Analytic philosophers have criticized A. N. Whitehead’s metaphysics for being obscure, yet several such philosophers have espoused positions in metaphysics and philosophy of mind that were advanced by Whitehead in the 1920s. In this paper, we evaluate the merits and demerits of these criticisms by Bertrand Russell, W. V. Quine, Karl Popper and others and then demonstrate the affinities and contrasts in the positions advanced by Galen Strawson, David Chalmers, Thomas Nagel and Whitehead regarding so-called “analytic panexperientialism.”.
In this biographical essay, I trace the development of A. N. Whitehead's philosophy from his early work in mathematical logic, philosophy of physics and finally to metaphysics. The entry includes a bibliography and secondary sources.
Editorial independence is a bedrock principle of academic publishing. The growing domination of academic publishing by large, for-profit corporations threatens this independence. There is alarming evidence that large companies too often serve their own business interests and those of powerful clients rather than serving the scientific community and the general public. This evidence includes the publication of infelicitous commercial science and concealing scientific misconduct. We present two case studies in which the UK-based publisher Taylor & Francis interfered in the editorial (...) process by blocking publication of legitimate criticism that had been reviewed and approved for publication by its specialized editors. The integrity of science depends in part on the transparency and intellectual honesty of all stakeholders. The widely acknowledged inadequacies of English libel law are reviewed as context for some of Taylor & Francis’s fearful decisions. (shrink)
The Kennedys embraced a political philosophy rooted in antiquity, one based on a domestic policy of justice and equality and a foreign policy of reason and gentle persuasion rather than force and fear. Imperialism abroad is inconsistent with democracy at home. This appears to be the foundation for John F. Kennedy’s foreign policy which also has a remarkable affinity to the lessons offered by Thucydides in the History of the Peloponnesian War and Plato in the Republic.
This article makes a distinction between pure and naturalized metaphysics and characterized F. H. Bradley's metaphysics as the former, according to which pure reason alone independent of the natural sciences discovers the true nature of reality. Bradley's view is critically evaluated via the the naturalized views of A. N. Whitehead and W. V. Quine.
This article presents an overlooked case of research misconduct and violations of basic principles of medical and business ethics. When Bayer’s Cutter Laboratories realized that their blood products, Factor VIII and IX or antihemophiliac factor (AHF), were contaminated with human immunodeficiency virus (HIV), the financial investment in the product was considered too high to destroy the inventory. Cutter misrepresented the results of its own research and sold the contaminated AHF to overseas markets in Asia and Latin America without the precaution (...) of heat treating the product recommended for eliminating the risk. As a consequence, hemophiliacs who infused the HIV-contaminated Factor VIII and IX tested positive for HIV and developed AIDS. (shrink)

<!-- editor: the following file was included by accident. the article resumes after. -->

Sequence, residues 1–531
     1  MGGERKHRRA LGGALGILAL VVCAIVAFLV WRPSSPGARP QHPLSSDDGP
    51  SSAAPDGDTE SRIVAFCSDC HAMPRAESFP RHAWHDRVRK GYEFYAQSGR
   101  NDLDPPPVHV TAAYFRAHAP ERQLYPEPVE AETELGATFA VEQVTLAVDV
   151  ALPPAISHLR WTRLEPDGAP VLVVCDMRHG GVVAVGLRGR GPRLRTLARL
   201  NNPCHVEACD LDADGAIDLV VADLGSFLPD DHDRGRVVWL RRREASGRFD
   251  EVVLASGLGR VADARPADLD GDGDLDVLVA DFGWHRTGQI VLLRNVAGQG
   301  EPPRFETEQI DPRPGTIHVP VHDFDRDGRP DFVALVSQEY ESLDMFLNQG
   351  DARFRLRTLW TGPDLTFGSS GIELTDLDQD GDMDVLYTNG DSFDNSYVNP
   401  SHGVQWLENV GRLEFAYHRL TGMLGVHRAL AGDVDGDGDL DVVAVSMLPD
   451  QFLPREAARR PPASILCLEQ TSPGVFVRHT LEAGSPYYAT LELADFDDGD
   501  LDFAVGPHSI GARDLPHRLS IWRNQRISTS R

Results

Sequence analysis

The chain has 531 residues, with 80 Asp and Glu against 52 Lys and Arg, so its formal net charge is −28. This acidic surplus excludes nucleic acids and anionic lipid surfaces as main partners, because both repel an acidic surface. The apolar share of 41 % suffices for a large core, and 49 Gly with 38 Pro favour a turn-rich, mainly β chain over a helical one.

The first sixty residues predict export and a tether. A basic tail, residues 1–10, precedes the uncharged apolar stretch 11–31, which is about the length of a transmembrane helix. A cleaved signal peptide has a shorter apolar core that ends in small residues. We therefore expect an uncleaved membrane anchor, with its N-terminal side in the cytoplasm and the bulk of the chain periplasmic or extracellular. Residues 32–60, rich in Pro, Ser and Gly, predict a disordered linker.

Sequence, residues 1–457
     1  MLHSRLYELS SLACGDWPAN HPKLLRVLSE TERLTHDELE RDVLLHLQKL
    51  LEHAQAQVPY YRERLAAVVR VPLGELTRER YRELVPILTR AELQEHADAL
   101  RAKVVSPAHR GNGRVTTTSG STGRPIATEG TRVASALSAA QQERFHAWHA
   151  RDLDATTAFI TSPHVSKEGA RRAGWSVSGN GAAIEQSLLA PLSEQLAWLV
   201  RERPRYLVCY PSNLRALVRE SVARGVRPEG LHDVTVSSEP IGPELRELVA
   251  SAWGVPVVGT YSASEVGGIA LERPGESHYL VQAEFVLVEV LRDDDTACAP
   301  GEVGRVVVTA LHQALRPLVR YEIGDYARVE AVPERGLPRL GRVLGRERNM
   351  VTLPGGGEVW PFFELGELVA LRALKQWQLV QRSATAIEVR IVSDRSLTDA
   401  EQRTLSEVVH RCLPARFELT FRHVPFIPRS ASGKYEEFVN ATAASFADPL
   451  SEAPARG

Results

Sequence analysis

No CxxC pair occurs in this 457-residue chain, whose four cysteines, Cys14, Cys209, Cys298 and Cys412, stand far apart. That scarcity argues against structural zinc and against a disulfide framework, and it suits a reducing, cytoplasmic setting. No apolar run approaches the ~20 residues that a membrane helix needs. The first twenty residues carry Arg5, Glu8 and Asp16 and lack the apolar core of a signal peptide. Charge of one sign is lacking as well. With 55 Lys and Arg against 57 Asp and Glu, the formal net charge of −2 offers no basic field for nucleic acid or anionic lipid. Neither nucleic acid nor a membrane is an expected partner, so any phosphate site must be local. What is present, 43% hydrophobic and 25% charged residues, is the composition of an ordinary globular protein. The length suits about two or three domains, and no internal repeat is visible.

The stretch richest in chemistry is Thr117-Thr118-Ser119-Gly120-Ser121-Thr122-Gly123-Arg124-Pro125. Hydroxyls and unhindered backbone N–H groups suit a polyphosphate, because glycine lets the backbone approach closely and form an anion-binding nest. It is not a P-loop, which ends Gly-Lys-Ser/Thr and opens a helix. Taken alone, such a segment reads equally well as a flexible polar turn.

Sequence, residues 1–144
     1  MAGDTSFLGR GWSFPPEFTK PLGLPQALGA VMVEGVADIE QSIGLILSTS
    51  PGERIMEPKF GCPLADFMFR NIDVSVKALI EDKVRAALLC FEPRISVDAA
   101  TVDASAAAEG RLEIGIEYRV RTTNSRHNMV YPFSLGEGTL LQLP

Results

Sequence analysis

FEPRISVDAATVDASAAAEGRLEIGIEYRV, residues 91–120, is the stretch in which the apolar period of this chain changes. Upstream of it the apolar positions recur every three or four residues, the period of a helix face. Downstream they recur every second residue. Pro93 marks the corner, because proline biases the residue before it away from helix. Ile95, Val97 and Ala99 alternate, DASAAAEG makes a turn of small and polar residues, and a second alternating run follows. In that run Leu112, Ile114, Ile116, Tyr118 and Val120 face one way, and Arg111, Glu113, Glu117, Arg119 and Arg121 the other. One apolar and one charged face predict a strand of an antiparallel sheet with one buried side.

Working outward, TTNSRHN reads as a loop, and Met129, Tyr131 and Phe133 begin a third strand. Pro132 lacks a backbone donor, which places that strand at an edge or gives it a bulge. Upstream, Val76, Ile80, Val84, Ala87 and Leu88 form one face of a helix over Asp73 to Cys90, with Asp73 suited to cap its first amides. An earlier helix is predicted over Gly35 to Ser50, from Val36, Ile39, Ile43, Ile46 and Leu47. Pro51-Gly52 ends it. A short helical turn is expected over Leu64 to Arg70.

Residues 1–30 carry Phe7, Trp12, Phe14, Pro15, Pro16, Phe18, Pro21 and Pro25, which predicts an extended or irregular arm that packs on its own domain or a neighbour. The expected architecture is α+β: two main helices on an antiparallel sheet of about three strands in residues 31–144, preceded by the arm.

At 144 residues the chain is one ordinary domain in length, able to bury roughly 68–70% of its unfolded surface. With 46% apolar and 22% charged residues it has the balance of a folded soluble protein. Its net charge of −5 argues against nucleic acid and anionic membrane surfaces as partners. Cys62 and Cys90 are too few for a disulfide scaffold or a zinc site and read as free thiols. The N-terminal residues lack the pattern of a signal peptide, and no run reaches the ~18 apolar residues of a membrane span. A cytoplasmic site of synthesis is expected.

In this volume of the Dictionary of Literary Biography, notable British philosophers from the nineteenth and twentieth centuries are represented, including thinkers from the traditions of empiricism, idealism, logical positivism, and analytical philosophy.
T. L. S. Sprigge produced an eclectic yet highly original system of metaphysics and ethics, a synthesis of panpsychism, absolute idealism, and utilitarianism, at a time in which orthodox analytical philosophy could only view this system as an anachronism of the nineteenth century. His critics claim that his philosophy has only historical interest to a small group of specialists in the relatively dormant tradition of British Idealism, that an attempt to defend his view of consciousness is a hopeless nonstarter, and (...) that his Spinozistic monism can have no relevance in our intellectual culture.1 Yet others have defended Sprigge as the "most independent of thinkers within the field of metaphysics" and salute him as "a .. (shrink)
This essay examines the effects of commercialization on education with particular focus on corporatization of academic research. This trend results from a business model of education, which I identify as profit-based inquiry. I contrast profit-based inquiry with Nicholas Maxwell's conception of wisdom-based inquiry and conclude that the business model fails to achieve enduring value and results in a promotional or ideological emphasis rather than one that stresses the importance of critical rationalism. In order to make my case for this failure, (...) I focus attention on the current state of commercialization in research of medicines. (shrink)